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Coroner Says Woman Died From THC Overdose, Experts Skeptical

ST. JOHN THE BAPTIST PARISH, La. (CBS Local) -- A 39-year-old Louisiana woman was the first person to have ever died from a marijuana overdose, according to local officials.

The victim was found deceased laying on a sofa in her LaPlace apartment in February. An autopsy showed she had relatively healthy organs and no signs of illness.

"I knew this was very unusual because I was expecting maybe elevated alcohols or some other drug," St. John the Baptist Parish Coroner Christy Montegut told CBS affiliate WWL. "I was kind of surprised that the only thing we found was elevated levels of THC."

THC or Delta-9-tetrahydrocannabinol is the main active ingredient in marijuana. The woman's boyfriend told investigators that she used a marijuana vaping pen. He also said she had gone to the ER three weeks before she died because of a chest infection and was sent home with over-the-counter medication.

Coroner says LaPlace woman died from THC overdose, experts say it's unlikely by WWLTV on YouTube

"For marijuana to show up positive on our toxicology test, the level has to be greater than 0.5," Montegut said. The woman's THC level was 8.4 nanograms per milliliter of blood, 15 times the detection threshold.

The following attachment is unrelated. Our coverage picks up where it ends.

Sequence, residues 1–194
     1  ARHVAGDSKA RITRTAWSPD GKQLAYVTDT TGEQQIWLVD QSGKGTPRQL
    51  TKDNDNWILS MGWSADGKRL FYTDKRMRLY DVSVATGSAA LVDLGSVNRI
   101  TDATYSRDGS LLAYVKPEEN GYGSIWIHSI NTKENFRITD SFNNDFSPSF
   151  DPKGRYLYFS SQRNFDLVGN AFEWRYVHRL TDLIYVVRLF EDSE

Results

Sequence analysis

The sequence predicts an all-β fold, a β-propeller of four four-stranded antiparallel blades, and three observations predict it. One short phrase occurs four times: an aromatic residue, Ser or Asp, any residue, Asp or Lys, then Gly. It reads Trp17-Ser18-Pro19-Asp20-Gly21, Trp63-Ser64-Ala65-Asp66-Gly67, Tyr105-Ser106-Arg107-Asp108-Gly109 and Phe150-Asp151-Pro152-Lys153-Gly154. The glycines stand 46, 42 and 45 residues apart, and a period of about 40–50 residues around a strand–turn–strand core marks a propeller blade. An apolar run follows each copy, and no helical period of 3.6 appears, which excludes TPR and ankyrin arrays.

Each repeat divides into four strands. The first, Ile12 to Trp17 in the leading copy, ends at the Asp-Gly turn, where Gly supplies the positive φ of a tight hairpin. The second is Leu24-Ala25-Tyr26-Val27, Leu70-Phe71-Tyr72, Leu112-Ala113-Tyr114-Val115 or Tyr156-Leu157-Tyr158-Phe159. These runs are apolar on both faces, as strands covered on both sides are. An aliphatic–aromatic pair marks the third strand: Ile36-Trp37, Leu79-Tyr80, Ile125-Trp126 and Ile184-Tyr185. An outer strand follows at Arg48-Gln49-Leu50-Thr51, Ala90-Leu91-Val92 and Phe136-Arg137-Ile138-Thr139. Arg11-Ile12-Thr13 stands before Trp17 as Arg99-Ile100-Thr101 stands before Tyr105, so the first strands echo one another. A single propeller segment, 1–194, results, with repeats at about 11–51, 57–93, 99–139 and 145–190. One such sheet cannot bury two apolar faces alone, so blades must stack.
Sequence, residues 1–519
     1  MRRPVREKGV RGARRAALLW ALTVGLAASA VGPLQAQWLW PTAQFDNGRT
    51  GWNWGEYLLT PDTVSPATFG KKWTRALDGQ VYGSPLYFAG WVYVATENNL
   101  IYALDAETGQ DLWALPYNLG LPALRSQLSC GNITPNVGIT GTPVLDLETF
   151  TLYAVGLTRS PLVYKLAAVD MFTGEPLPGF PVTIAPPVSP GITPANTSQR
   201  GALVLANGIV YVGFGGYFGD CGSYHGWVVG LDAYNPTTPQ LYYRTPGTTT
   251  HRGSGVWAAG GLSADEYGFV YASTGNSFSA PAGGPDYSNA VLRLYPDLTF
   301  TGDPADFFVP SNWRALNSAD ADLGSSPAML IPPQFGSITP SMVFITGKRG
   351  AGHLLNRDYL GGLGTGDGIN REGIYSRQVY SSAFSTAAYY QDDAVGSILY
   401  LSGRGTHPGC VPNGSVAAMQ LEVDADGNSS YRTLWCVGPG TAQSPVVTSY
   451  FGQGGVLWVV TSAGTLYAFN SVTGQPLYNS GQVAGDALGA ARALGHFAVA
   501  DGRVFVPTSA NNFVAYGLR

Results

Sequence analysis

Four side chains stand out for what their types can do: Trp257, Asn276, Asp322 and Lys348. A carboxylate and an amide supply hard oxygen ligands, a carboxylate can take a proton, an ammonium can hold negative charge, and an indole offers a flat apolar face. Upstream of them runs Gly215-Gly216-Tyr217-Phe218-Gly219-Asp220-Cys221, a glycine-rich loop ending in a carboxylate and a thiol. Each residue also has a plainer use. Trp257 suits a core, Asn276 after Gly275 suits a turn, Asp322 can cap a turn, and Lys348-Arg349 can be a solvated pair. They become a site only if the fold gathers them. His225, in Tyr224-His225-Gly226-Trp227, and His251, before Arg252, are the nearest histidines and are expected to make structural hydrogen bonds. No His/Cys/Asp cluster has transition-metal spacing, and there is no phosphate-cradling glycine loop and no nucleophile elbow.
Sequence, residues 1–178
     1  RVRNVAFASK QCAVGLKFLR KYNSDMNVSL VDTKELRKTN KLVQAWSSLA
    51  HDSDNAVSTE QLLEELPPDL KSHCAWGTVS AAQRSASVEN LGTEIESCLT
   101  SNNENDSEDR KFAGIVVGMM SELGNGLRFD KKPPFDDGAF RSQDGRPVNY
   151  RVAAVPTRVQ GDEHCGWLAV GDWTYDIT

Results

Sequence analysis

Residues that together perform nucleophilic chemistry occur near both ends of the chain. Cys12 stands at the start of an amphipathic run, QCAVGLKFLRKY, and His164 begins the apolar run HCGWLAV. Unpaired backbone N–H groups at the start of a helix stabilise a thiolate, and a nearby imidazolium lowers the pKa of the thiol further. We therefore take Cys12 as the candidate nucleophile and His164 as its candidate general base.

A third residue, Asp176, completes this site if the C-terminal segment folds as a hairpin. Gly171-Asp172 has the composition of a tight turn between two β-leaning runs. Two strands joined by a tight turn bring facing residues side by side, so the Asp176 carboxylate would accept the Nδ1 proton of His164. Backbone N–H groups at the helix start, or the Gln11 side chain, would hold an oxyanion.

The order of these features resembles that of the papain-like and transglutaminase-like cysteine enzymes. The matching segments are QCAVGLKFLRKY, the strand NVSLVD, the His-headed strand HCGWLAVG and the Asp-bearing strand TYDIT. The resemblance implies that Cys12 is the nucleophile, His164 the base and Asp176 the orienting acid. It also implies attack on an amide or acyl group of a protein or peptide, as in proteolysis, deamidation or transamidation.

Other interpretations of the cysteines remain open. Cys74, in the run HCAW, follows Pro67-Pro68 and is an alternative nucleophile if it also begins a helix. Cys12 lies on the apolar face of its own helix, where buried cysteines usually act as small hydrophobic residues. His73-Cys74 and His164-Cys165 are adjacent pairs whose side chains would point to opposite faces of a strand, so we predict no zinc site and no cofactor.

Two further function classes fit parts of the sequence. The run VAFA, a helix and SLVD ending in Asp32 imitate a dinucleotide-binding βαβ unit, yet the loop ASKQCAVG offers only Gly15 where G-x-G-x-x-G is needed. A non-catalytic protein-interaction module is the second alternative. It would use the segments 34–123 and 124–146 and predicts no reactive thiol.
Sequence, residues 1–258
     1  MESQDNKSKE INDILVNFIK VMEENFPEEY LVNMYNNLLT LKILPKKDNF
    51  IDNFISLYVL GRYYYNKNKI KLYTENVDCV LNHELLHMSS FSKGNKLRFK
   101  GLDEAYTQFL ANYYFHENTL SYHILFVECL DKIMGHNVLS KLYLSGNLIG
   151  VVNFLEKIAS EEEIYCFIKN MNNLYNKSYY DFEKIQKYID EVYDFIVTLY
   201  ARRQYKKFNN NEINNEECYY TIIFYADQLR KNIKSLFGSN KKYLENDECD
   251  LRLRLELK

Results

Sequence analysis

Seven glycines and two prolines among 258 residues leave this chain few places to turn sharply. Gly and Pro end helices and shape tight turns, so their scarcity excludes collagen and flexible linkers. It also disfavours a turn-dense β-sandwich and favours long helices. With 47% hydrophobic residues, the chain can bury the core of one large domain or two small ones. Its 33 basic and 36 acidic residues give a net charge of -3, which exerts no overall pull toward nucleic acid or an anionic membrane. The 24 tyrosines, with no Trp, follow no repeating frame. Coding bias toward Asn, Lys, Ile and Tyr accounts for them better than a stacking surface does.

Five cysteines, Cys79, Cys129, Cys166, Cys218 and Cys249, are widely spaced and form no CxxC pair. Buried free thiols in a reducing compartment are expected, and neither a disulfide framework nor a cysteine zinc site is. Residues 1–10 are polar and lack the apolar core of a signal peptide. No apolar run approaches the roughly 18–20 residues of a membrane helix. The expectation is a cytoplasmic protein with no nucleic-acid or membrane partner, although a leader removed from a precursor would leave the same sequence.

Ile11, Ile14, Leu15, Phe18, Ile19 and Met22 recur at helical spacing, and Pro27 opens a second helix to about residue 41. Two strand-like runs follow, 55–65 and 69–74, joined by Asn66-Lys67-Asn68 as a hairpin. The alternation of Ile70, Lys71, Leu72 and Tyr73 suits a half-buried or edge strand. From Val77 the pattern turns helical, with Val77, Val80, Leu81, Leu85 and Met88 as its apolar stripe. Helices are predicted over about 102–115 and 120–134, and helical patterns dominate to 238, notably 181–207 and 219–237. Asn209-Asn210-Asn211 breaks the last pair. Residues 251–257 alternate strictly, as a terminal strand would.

"At high levels, marijuana can cause respiratory depression, which means a decrease in breathing, and if it's a high enough level it can make you stop breathing," Montegut said.

While research is limited, there are no cases of people dying from Marijuana on record. The National Institutes of Health says there have been no direct deaths from marijuana overdose.

Dr. Noah Kaufman, an emergency room doctor in Colorado where recreational marijuana is legal, said it's possible that other drugs weren't picked up by the toxicology test. The woman's body also might handle THC different than other people.

"THC is becoming so powerful these days that we are kind of playing with fire a little bit, and there may be more and more and more people that start to have some kind of an adverse reaction," he said.

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